The arrangement with PacifiCare is similar except that a PSO would receive a franchise of PacifiCare's Medicare HMO, called Secure Horizons.
Humana was the first HMO to announce it would partner with PSOs, and MedStep is the first to get a contract with a provider-sponsored plan. In February, MedStep signed a multiyear arrangement with United Health of Wisconsin Insurance Co., a managed-care plan owned by Appleton-based United Health Group and Milwaukee-based Aurora Healthcare.
United Health Group is a community-owned not-for-profit health system that operates two acute-care hospitals: 146-bed Appleton (Wis.) Medical Center and 216-bed Theda Clark Medical Center in Neenah, Wis. The system employs about 100 physicians and affiliates with about 800, says Gregory Devine, United's executive vice president. Aurora, which operates 13 hospitals, is Wisconsin's largest system.
Along with United and Aurora, a third provider system built around 167-bed Bellin Hospital and a group of 50 physicians in Green Bay is expected to invest in the managed-care plan in about 60 days, Devine says.
United's managed-care plan has 100,000 HMO enrollees, 130,000 PPO enrollees and 10,000 Medicaid enrollees but no Medicare business. "We were really looking for an opportunity to develop a partnership to get into Medicare risk that would allow us to tap into an organization that had substantial experience in managing a Medicare HMO," Devine says.
But United also wanted an arrangement "that would allow us to take advantage of what we worked very hard to develop in our local communities through our own system. And even if we felt we could ultimately accomplish some of the same things on our own, we thought we would be more successful more quickly by working with an experienced partner," he says.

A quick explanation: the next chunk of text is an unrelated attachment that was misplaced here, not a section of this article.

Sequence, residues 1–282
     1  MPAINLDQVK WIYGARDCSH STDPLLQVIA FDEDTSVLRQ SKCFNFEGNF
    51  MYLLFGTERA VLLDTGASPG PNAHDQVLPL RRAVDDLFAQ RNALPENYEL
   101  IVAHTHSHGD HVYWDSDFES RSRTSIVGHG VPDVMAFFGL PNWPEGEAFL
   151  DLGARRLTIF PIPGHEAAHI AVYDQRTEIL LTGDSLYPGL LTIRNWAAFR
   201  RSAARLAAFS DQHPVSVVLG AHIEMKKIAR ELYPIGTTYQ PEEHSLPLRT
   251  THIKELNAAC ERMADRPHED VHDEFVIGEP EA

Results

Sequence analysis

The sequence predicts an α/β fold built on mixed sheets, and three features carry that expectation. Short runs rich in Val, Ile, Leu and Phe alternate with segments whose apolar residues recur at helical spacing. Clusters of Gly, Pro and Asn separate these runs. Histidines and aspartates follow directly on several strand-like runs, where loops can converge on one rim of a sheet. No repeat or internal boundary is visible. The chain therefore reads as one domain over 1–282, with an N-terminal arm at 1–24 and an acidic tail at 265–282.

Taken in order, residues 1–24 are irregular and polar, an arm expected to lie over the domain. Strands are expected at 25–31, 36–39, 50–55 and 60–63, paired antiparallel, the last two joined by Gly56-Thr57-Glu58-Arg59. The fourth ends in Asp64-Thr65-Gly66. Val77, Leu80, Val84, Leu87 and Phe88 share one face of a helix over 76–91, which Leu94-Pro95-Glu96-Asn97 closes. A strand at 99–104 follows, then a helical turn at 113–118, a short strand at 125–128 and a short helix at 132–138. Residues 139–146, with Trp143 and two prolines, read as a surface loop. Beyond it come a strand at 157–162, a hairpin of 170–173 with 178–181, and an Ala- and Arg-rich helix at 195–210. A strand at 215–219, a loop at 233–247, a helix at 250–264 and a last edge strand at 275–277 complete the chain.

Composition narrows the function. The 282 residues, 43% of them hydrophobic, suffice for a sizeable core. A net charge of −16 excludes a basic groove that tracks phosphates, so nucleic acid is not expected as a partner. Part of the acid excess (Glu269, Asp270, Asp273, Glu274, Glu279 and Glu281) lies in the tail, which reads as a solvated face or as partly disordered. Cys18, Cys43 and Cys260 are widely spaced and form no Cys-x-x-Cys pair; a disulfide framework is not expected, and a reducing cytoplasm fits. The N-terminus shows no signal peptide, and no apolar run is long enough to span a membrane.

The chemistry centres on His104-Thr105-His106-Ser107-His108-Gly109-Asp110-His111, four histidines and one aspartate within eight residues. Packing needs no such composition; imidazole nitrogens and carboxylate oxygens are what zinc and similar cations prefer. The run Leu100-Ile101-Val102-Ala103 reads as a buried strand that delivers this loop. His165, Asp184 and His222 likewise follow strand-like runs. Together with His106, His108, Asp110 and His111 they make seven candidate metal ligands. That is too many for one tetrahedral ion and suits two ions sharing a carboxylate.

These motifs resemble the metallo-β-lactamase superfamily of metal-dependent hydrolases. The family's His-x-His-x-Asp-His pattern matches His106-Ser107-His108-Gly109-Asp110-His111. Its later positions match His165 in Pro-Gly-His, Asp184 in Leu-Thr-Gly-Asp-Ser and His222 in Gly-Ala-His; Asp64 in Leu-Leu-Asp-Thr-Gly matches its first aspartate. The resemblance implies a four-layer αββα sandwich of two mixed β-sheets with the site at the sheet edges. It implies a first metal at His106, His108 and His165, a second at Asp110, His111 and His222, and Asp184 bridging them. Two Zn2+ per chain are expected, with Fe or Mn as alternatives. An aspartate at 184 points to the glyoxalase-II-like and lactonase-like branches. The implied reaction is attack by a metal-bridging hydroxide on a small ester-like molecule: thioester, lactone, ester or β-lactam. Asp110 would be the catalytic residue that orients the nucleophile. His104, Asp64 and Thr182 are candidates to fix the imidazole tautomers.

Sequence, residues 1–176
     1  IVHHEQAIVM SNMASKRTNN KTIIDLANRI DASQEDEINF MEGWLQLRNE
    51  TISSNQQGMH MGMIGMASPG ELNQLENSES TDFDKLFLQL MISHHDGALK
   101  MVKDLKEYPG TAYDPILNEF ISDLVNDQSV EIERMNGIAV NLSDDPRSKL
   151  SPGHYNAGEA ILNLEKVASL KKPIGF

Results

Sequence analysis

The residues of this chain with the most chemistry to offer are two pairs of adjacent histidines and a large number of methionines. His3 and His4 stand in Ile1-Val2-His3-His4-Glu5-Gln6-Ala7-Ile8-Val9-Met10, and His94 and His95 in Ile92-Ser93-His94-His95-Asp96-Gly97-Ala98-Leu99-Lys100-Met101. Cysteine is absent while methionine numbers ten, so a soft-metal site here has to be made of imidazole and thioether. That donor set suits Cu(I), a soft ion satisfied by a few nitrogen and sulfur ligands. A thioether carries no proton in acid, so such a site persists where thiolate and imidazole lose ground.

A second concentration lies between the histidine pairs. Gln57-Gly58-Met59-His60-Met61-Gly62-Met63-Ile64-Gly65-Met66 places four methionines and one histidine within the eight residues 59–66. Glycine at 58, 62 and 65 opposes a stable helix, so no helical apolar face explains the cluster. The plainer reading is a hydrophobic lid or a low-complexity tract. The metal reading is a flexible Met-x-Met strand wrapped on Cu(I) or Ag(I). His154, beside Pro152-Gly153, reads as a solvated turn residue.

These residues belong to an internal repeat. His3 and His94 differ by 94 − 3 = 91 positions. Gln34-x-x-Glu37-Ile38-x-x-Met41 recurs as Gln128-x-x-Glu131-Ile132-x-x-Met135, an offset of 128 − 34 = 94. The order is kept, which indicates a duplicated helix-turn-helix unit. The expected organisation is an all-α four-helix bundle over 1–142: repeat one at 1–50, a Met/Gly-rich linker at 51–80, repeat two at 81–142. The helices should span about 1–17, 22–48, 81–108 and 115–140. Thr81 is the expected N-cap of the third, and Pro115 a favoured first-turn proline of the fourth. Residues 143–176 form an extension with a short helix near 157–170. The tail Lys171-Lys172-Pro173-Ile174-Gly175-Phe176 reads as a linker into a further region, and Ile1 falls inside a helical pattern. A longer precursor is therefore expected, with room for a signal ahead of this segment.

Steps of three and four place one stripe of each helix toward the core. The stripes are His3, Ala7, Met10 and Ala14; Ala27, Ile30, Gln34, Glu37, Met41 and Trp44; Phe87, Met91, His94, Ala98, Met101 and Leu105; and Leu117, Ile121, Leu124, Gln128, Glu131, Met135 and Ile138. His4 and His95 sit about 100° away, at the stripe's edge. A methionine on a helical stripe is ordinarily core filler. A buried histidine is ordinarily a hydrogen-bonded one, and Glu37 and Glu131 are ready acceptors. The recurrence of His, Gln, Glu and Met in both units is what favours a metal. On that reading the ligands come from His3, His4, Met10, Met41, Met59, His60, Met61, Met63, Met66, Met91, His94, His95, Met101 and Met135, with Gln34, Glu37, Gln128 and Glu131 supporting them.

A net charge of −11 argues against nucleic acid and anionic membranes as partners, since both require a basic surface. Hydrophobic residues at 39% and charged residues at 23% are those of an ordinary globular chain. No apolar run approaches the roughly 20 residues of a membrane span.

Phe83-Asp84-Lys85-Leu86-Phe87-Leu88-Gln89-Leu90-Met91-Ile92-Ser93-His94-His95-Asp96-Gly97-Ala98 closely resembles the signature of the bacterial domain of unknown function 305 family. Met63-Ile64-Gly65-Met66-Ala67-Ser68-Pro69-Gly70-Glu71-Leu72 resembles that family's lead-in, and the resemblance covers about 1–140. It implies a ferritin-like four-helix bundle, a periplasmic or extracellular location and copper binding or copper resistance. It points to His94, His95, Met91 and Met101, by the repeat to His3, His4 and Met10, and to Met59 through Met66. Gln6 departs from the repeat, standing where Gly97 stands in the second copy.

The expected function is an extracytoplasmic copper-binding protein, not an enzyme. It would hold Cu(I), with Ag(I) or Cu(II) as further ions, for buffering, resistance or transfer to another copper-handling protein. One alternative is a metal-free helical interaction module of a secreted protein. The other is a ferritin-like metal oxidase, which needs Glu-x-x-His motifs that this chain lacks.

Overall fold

United hopes to receive contract approval from HCFA in the fall and start enrollment in early 1999, Devine says.
The first franchise of PacifiCare's Secure Horizons went to Tufts Associated Health Plan of Massachusetts in 1993, and the second was created last year with Presbyterian Healthcare Systems of New Mexico through PacifiCare's sale of FHP of New Mexico to Presbyterian. PacifiCare acquired FHP International in February 1997 and since then has sold several of FHP's state operations.
Craig Schub, president of Secure Horizons, says PacifiCare "leans toward an empowered delivery system," paying providers on a capitated basis. "We delegate responsibilities where appropriate, and that's consistent with what PSOs are looking for," he says.
Secure Horizons is looking for providers in the Midwest and the East Coast "that have the wherewithal" to accept capitation and that work in areas with a sizable Medicare population but relatively low Medicare-risk penetration, he says.
"We're looking to couple Secure Horizons with leading delivery systems," he says.
The arrangement would benefit providers because of Secure Horizons' expertise and the HMO, which could enter new markets at a fraction of the cost of setting up a new network, he says.